The Abandoned Station

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 (also available in the new 'Cerebral Munitions' collections, but still here for free...)

Total Trash

 

That’s what it was.

Total trash.

An embarrassment on the mind’s windshield. Excuses and backup plans acting like nothing more than paltry attempts to clean it off from our ever so consequential field of vision.

We’re not stuck we’re flying blind, Bernard Landry thought quietly to himself, sitting in his own individual capsule, one of sixty four in this particular device, which was advancing ever forward on a landscape that was always vaguely familiar but could never spur on a genuine memory of times past.

Bernard held onto the levers and gears that was his responsibility with steely resolve, despite his now middling hopes that all this was going to work out somehow. He heard the mysterious and always somehow distant technology that surrounded him belch and stutter, and start to count in his head how long it had been since he had heard the familiar shredding noise that suggested to him that everything was in working order.

The shredding noise was always the thing that people first complained about once they were picked up and not in so many words propositioned. Bernard got used to it quicker than most, so it took on the sound of comfort, success, and perfection. God knows where the noise came from and what it meant, but he wasn’t being torn to pieces while it sounded, which is sometimes all you can ask for in these unusual circumstances.  And those that never got the hang of the whirring, grinding, and metallic squealing, well, who needs them, bundle them all into the exhaust hatch and blow the floor out next time we crawl over a relatively calm body of water.

‘We’! Ha!  Hilarious, Bernard! Like a big happy family or something. How long had he been here? Months, certainly. Didn’t take long for the never really explained camaraderie to get the best of him and now he’s here doing his menial part to make sure this thing does whatever it does better than yesterday. Leaky? Plug it. Bumpy? Smooth it out. Jammed? Don’t force it, get a bigger hammer.

He seemed to patch up these setbacks quicker than most, so it became inevitable that people started to call him. Literally call him, yelling from wherever they were inside this thing for advice. He’d slowly struck up a friendship with one guy, in part because he was close enough that they only had to talk ‘strongly’, as Bernard called it, as opposed to outright yelling.

“It’s not doing it anymore!” this one guy announced,  “anybody else?”

“Same problem”, Bernard replied, yanking once again on what he named the ‘the reverse’.

“That you?”

“It’s me”, Bernard replied, trying harder than ever to place the voice around him. What does his capsule look like? Is it identical? Maybe he has a whole damn room to himself somewhere.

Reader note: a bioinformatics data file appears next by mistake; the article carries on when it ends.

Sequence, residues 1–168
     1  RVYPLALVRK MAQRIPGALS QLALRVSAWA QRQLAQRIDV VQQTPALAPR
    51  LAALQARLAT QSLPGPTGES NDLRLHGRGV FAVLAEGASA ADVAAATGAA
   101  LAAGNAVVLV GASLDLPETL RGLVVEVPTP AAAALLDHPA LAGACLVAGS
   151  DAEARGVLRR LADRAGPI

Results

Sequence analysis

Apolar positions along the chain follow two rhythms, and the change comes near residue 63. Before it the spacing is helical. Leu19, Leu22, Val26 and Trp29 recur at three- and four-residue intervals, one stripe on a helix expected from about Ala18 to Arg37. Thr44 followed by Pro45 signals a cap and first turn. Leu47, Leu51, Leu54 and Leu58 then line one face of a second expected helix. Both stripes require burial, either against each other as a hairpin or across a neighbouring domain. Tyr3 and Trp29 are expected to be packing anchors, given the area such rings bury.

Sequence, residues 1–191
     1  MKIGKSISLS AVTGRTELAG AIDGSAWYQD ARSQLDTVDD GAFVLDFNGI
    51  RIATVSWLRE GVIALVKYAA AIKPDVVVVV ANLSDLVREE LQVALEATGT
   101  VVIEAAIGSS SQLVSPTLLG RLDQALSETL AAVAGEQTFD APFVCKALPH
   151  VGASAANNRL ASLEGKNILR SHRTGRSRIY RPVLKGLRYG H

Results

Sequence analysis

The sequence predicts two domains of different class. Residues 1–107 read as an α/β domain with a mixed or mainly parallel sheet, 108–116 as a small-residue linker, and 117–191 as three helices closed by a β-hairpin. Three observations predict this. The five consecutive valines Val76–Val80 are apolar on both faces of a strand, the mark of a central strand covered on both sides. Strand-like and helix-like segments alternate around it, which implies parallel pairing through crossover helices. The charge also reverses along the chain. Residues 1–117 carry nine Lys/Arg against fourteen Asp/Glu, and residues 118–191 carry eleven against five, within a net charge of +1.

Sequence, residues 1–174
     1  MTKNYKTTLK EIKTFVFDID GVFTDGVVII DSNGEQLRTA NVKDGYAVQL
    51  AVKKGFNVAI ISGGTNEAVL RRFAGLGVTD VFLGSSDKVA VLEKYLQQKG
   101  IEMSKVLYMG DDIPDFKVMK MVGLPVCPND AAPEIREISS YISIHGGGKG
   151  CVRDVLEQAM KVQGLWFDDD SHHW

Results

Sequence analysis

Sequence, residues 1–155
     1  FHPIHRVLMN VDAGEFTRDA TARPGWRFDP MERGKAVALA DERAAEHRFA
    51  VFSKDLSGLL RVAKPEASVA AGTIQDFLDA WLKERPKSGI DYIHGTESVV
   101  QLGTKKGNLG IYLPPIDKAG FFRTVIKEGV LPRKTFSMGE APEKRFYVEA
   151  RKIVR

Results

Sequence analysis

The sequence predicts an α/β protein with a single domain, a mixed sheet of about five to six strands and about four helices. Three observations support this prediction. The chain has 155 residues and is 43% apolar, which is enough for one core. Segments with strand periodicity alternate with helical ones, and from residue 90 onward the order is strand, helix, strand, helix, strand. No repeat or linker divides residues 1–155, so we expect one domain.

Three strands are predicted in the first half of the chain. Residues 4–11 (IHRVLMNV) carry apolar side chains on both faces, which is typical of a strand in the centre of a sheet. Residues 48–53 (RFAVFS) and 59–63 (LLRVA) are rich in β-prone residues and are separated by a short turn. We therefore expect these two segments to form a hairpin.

“You see that up there?”

“Yeah.”

“You think someone should take a look at it?”

“Hell, I know someone should take a look at it.”

“So are you gonna…”

“Hell, I don’t know the first thing about it.”

“Same here.”

And so there was a pause. Not long, but long enough for Bernard to think for a minute that the whole conversation could have just been in his head.

Garbage, he couldn’t help thinking to himself as he once again stuck his hands in his pockets and felt the scraps of paper, the gum wrapper, and the three coins that hadn’t seen the artificial light above him in all these months. It was his link to a before time. A reminder that it there were other forms of real. But the thought of what these things were just depressed him. This was all that he had on him. Tattered bits of refuse you’d quickly consign to the gutter. No wallet, no book, no phone, nothing that could be used to signify that he had something of worth. Or was and is something of worth. Best you invest your time in this then, right? Make the most of the hand you’re dealt, even if you don’t know the first thing about the game being played.

And then a wholly alien wheeze shook the entire contraption, sending Bernard off his jumpseat and a foot into the air, smashing him into the left side of the capsule and then back down onto the hard plastic. His elbow and ass took most of the hit, but his first thought went to his suddenly screaming testicles, down there all by themselves with no protection save the dusty, tattered navy blue slacks he’d been wearing since they first picked him up.

“Urrghhhhh”, Bernard moaned, holding his crotch and breathing sharply to help push the pain away. But there was barely time for that because his entire capsule was slowly tilting to one side, a doubtful whine echoing through the epic machine. What he had to carefully deduce when it came to the cracked visual interface he could tell by intuition from the new and strange sounds.

Bad news.

It’s all going to break. Momentarily. Soon. Something will have to happen. It can’t keep going on like this. I’m practically an expert on this goddamn thing by now. Smoke’s probably pouring out of it by the truckload. We’re going to explode or something big is going to fall off or a leg will get stuck in a hole or something and we’ll all rot here in one place.

The ‘window’ as his near-friend called the screen flickered the shot of the unremarkable landscape ahead of them. It wasn’t flipping over like he was. His steel mesh ceiling was quickly becoming the floor. But as soon as he put his full weight on it, it gave way, and he tumbled out of his cage for the first time since waking up in it way back when.

Out. No, not out. Into another part of this beast’s belly. Passing through like food in the digestive system. Or a coffee cup in a waste treatment plant. Can’t go on forever, though.

But deep in the fleshy mechanical workings of his heart he wondered.

 

END

 

If you choose chains, are you still free?